What have you noticed most in terms of trends in the marketplace for covers?

Almost all artworks I’m asked to undertake for book, CD, game covers etc… have much more of a Hollywood feel than in the past. They all have a movie poster quality about them. Were all so used to seeing that kind of artwork it’s fairly natural to expect.

What is your inspiration?

That’s very difficult to answer. Everywhere and everything I guess. Unless I’m given a specific brief it’s usually music, a lyric, a haunting melody that sort of thing. I’m always looking at other artists work, looking at their treatments of similar subjects or even more abstract pieces in an attempt to push the boundaries. Movies too, they have the scope of motion, and it’s trying to bring that motion to a static piece, that’s the challenge.

Who are some of your favorite artists?

Again, that’s very hard to answer. I see artists every day that genuinely blow me away, be it composition, design or superb execution I’m forever seeing images that are just stunning. That’s one of the many wonders of the web, a sharing of information and images that otherwise would only be seen by a very small number of people.100 or so years ago I would have trotted out the names of a few well known masters, but nowadays because of the wealth of information sharing it’s impossible to list out the names of all those that have wowed me. I have a new favourite almost every day.

How do you begin a cover?

It’s the background really. The sky dictates the image really. It sets the mood and the lighting; from there the distance and the middle ground take shape. Then I play around with the composition of the characters in a simply silhouette form to see what works best. Then work the characters up, basic costumes, accessories, weapons etc… I usually leave the faces until last because that’s the hard part. Once you goat a great looking character you’ll persevere with the face until you get it right. If I started with the face and had nothing else I may well give up with frustration, but the fact that you can see the rest of the image there save for a face or two give you the impetus to carry on.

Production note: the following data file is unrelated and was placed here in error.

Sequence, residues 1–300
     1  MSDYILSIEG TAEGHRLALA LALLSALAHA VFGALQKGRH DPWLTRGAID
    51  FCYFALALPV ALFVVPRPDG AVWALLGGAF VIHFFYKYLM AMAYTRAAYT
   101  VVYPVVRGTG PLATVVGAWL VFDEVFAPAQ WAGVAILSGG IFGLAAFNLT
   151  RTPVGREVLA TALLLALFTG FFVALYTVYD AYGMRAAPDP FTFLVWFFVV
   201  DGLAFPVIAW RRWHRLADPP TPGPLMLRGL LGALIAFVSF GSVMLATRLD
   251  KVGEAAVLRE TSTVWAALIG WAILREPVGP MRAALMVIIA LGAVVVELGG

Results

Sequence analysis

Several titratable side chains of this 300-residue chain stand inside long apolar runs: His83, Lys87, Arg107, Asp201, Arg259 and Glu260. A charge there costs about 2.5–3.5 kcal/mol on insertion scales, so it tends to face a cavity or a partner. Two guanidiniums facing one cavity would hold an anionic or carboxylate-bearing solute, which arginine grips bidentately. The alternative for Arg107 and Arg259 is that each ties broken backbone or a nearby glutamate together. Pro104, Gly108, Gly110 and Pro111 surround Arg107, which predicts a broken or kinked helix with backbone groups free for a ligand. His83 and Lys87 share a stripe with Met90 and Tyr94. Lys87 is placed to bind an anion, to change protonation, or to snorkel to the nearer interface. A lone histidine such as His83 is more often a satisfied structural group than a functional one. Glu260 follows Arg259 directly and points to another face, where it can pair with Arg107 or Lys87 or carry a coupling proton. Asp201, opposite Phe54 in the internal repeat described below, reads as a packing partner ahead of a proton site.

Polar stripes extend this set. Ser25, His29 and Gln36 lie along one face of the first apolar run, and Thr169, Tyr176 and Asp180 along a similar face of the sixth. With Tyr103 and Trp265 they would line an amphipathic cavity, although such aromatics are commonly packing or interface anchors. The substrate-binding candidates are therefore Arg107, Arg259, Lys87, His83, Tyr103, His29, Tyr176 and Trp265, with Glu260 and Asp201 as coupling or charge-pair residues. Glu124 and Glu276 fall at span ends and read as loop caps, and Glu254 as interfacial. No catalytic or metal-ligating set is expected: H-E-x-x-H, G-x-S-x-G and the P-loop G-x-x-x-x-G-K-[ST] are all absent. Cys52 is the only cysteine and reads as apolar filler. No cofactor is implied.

About how long is the process?

This very much depends on the complexity of the image. The cover for ‘The Bow of Destiny’ was relatively straightforward with the exception of pressure of getting someone else’s vision right. I have recently created an artwork for the ‘Battle of Chillianwala’ a real battle that took place in 1849, part of the second Anglo-Sikh war.

This scene contained approximately 40 characters and 7 horses in 5 different uniforms plus an array of cannons, lances, swords, rifles and shields. All of which had to be referenced / researched to make sure they were historically accurate which is quite a task in its own right, that
’s before you drawn a thing. Something like this can take around 80 -100 hours and take you to the brink and back several times over.

What do you love other than art?

Obviously, my very supportive wife Zoe and our family, who allow me the time and space needed to get into the zone. I love a variety music which as mentioned often provides me with inspiration and a keen love of classic cars and all things old.

The Bow of Destiny Blurb

Haunted by his past. Hunted in the present. Uncertain what is real.

Athson has seen things that aren't there and suffered fits since being tragically orphaned as a child at the hands of trolls and Corgren the wizard. When a strange will mentioning a mysterious bow comes into his possession, he's not sure it's real. But the trolls that soon pursue him are all too real and dangerous. And what's worse, these raiders serve Corgren and his master, the hidden dragon, Magdronu, who are responsible for the destruction of his childhood home. Athson is drawn into a quest for the concealed Bow of Hart by the mystic Withling, Hastra, but Athson isn't always sure what's real and who his enemies are. With Corgren and Magdronu involved, Athson must face not only frequent danger but his grasp on reality and the reasons behind his tragic past.

About the Author